The Python (Πύθων) of Delphi was a creature with the body of a snake.
The Python used to dwell on Mount Parnassus, in central Greece. Wherever the Python went, it diffused an obnoxious smell and spread mischief and death. Python was once sent out by Hera, the wife of Zeus, in order to chase the pregnant Leto, a lover of Zeus, so that she couldn't settle anywhere to give birth. Zeus felt sorrow for Leto and transformed her into a quail (ortyx) in order to give birth to their twin children, Apollo and Artemis.
By the time Apollo, the son of Leto, was only four days old, he was already a strong boy. A silver bow with golden arrows, given to him by the blacksmith Hephaestus, made the young god decide to kill Python and take revenge. Soon, Apollo went to the creature’s cave to seek after Python. When the creature faced Apollo, it started boiling with rage and lunged at Apollo to devour him. But Apollo was faster and managed to throw an arrow to Python, piercing him right on its forehead. Python cried of terror and his scream could be heard all over the canyons of Mount Parnassus. It struggled hard to survive... but in the end it surrendered to death.
The death of the Python filled Apollo with joy, so he happily took his lyre and started playing a song of victory, giving joy to people all around.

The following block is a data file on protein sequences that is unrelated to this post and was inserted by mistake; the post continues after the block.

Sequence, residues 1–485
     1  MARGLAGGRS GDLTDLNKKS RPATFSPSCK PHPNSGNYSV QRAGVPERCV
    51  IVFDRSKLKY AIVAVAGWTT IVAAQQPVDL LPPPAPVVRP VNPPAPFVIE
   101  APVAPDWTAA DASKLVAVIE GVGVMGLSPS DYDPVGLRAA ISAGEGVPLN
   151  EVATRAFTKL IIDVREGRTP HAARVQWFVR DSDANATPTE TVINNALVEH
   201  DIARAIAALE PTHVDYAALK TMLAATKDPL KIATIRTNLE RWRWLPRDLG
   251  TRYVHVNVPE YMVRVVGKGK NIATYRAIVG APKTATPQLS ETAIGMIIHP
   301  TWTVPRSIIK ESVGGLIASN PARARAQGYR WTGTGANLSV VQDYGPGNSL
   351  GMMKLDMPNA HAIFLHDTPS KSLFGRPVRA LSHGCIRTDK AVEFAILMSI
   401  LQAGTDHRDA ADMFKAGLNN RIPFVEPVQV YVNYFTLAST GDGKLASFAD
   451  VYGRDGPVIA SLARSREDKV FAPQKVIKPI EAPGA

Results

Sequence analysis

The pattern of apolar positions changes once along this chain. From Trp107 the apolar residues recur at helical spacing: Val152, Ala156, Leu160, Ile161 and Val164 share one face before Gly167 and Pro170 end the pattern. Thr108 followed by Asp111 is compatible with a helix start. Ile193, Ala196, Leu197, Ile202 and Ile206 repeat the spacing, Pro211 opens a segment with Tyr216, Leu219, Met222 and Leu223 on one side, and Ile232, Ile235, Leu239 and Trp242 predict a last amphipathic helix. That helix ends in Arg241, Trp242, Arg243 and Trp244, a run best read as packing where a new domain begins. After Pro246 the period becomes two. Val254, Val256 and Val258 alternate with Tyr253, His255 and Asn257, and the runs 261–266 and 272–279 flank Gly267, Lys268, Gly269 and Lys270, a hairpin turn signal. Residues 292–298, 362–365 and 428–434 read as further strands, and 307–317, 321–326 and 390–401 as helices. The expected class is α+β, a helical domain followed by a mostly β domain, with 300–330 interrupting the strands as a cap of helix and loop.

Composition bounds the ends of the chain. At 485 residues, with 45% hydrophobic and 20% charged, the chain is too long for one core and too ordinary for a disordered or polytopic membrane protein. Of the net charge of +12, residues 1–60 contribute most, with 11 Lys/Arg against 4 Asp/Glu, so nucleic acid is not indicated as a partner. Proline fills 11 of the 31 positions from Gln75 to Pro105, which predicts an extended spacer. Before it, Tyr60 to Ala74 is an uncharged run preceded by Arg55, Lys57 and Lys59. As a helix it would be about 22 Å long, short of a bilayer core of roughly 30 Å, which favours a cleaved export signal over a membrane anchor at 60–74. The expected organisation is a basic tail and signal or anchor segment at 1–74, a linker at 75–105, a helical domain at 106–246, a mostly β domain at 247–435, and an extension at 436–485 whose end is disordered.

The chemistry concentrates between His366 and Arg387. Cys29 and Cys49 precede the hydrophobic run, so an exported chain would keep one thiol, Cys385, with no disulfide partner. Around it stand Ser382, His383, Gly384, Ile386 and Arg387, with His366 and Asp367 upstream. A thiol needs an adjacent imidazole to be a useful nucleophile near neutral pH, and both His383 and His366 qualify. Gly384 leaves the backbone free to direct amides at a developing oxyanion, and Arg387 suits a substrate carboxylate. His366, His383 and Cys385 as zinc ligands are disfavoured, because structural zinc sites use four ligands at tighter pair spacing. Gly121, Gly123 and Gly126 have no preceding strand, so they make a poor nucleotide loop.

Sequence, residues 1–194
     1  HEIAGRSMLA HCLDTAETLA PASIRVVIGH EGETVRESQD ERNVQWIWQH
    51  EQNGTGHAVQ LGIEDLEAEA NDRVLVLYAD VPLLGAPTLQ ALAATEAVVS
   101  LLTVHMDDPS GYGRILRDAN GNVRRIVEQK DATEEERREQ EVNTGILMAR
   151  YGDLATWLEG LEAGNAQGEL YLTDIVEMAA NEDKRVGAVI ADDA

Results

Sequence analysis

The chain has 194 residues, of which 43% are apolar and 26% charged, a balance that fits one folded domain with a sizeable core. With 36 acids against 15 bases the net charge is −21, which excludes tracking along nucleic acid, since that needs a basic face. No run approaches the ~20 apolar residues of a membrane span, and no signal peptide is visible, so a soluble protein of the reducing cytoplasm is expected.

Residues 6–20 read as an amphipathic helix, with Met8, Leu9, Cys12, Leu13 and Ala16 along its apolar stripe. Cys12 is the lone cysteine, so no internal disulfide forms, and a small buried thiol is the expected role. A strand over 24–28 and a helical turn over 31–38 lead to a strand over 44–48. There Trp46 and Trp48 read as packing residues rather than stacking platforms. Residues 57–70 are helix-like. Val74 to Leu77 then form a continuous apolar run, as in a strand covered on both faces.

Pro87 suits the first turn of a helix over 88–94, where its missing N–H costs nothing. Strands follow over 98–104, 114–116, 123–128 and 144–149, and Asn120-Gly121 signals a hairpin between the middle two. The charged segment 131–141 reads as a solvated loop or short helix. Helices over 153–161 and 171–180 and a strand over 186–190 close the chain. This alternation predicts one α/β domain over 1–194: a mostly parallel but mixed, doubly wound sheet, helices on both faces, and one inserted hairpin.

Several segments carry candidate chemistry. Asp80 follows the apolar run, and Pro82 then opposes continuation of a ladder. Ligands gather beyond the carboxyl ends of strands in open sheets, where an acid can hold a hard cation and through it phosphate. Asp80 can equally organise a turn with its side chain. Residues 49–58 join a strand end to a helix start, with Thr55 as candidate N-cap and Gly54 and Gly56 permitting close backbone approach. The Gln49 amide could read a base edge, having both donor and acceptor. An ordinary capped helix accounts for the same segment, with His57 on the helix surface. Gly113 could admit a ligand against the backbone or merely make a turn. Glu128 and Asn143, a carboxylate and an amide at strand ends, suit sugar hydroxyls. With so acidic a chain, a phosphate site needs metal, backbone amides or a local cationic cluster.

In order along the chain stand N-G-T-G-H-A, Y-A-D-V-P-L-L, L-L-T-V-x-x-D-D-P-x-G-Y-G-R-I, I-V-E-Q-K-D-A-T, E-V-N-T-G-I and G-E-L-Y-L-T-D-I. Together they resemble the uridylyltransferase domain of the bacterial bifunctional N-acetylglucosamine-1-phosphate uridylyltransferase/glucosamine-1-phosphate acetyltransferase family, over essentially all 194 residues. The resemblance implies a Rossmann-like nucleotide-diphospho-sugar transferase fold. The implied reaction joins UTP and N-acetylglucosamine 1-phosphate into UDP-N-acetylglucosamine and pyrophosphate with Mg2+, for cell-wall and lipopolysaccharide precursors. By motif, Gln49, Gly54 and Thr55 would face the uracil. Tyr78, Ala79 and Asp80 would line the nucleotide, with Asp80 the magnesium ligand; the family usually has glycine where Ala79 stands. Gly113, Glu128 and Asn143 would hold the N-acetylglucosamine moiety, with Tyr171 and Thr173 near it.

This was the moment when
Apollo became the god of the Music!
Right after he finished his song, Apollo took the creature and buried it under the slopes of Mount Parnassus. On its surface he built the oracle of Delphi, the most famous oracle of ancient Greece. However, Apollo had committed a crime and, according to the laws of Mount Olympus, he needed to be purified. Therefore, Zeus ordered from Apollo to institute the Pythian Games at Delphi so that athletic and musical competitions could be hosted. Apollo followed the order and he even took part in the games himself. From then on, the Pythian Games were held every four years in Apollo's honor.